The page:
moral hazard


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Related to moral hazard: Adverse selection

moral hazard

n.
1. The risk to an insurance company that the holder of a policy will destroy the insured property in order to collect the monetary reimbursement available under the policy.
2. The risk that an individual or organization will behave recklessly or immorally when protected from the consequences.

moral hazard

n
(Insurance) insurance a risk incurred by an insurance company with respect to the possible lack of honesty or prudence among policyholders
ThesaurusAntonymsRelated WordsSynonymsLegend:
Noun1.moral hazard - (economics) the lack of any incentive to guard against a risk when you are protected against it (as by insurance); "insurance companies are exposed to a moral hazard if the insured party is not honest"
economic science, economics, political economy - the branch of social science that deals with the production and distribution and consumption of goods and services and their management
endangerment, hazard, jeopardy, peril, risk - a source of danger; a possibility of incurring loss or misfortune; "drinking alcohol is a health hazard"
References in periodicals archive ?
Europe's leading bank boss wants the Government and the courts to show no mercy to those who face eviction, claiming this would lead to a so-called moral hazard.
THE EUROPEAN Commission may have ruled that the controversial Estia scheme to assist strategic defaulters with the repayment of their loans was not a state subsidy and could therefore go ahead, but just last it week it described it as a moral hazard. This was the view of the ECB and it was also repeated in the IMF's review of the Cyprus economy.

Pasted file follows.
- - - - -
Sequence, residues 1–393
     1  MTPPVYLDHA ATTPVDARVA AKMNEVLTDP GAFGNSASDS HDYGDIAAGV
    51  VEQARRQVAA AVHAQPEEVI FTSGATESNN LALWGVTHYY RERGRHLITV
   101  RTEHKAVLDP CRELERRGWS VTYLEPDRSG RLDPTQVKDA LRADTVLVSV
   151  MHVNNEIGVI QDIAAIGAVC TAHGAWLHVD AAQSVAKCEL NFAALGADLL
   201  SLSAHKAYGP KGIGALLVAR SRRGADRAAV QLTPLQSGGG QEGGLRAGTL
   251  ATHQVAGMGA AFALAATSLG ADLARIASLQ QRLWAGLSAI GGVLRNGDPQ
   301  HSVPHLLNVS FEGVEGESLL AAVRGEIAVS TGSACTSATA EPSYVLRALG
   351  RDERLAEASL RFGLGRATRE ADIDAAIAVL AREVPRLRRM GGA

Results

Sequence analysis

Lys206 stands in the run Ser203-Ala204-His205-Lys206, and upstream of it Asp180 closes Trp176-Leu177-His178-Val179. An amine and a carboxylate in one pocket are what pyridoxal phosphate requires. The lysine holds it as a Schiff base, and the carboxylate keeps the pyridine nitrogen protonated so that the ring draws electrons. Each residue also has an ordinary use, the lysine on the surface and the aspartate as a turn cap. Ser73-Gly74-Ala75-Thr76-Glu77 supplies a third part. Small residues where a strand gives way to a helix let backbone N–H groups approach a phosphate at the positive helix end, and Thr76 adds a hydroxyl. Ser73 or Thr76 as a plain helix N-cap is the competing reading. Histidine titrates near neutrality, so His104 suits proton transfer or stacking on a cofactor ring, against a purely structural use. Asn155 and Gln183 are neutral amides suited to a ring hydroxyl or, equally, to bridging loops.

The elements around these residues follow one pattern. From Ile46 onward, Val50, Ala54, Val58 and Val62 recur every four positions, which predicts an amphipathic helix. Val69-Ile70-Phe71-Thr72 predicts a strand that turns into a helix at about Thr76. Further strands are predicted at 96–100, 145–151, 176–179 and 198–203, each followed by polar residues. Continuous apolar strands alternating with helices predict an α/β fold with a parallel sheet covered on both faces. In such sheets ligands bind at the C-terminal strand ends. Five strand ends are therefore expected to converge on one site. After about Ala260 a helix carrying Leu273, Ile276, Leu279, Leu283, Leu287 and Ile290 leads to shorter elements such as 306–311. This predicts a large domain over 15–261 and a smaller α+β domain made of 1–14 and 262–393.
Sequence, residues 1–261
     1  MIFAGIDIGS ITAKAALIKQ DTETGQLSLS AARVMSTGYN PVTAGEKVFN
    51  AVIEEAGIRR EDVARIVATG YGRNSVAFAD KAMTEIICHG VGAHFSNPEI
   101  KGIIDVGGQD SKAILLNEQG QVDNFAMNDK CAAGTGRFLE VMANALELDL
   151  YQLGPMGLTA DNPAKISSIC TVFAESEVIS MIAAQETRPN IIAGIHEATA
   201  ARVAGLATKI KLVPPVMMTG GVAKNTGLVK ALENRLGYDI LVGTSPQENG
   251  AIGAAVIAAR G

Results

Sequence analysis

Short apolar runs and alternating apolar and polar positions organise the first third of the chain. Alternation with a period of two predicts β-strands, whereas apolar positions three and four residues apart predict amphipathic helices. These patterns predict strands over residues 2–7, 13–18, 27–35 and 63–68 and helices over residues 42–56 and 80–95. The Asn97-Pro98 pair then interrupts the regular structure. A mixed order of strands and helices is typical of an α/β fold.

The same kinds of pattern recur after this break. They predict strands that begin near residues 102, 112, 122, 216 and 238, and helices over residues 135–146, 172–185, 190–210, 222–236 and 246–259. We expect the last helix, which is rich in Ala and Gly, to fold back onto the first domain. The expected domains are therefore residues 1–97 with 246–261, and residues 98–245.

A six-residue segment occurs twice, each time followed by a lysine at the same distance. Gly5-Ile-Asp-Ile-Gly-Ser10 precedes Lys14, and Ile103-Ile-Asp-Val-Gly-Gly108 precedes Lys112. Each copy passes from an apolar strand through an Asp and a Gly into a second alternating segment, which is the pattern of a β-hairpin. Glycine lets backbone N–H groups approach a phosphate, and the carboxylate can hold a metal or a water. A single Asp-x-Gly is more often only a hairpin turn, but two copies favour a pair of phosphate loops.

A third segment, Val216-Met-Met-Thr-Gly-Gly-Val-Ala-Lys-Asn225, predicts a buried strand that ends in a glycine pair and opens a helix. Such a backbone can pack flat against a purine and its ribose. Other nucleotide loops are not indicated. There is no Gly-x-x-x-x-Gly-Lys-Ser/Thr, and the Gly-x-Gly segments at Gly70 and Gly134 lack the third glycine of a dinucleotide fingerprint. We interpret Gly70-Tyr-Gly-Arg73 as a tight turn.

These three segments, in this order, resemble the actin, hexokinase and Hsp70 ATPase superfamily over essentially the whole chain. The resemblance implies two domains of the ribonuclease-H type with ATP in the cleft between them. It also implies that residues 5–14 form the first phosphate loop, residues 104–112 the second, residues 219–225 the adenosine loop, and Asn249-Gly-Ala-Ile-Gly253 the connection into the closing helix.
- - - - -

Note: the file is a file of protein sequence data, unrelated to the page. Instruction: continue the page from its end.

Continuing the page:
As reinsurance grows, plan moral hazard for high-cost enrollees can increase.
Two distinct forms are adverse selection and moral hazard. The former predicts the positive relation between policyholders' risk and demand for insurance, and the latter concerns policyholders' behavior change due to the incentives provided in an insurance contract.
One of the core concepts of insurance is moral hazard: the possibility that a customer might change their behavior and take on more risky behavior, knowing they are insured.
They call it "peak pricing" but make no mistake, this is a co-pay, and it is absolutely designed to address moral hazard. There's a big psychological impact when I have to lay out even a few dollars compared to free.
Section 3 takes up the issue of the unobservability of important aspects of the basic moral hazard model (called a pure moral hazard model from now on) and shows how theory-based estimation can be used to obtain measures of these important concepts.
The measure comes as more foreigners and overseas Koreans visit here temporarily to receive expensive medical services at lower prices thanks to the public insurance, and return home after in a case of what the government calls a "moral hazard."
West Wales area point-topoint secretary Beverley Thomas, of Puntingbud Farm, Haverfordwest, who has saddled many winners in her time, has only one horse in training these days - Moral Hazard, which she owns in partnership with west Wales' Adrian Simpson.
Moral Hazard: Conditions that increases the likelihood that a person will intentionally cause of exaggerate a loss.
However, while insurers are happy to sell policies of a higher premium, they're even more inclined to insure cars with lower values in order to avoid moral hazard."
Dogmatic ECB 'hawks' are more concerned about the moral hazard involved in purchases of government debt than about the moral hazard involved in negative rates.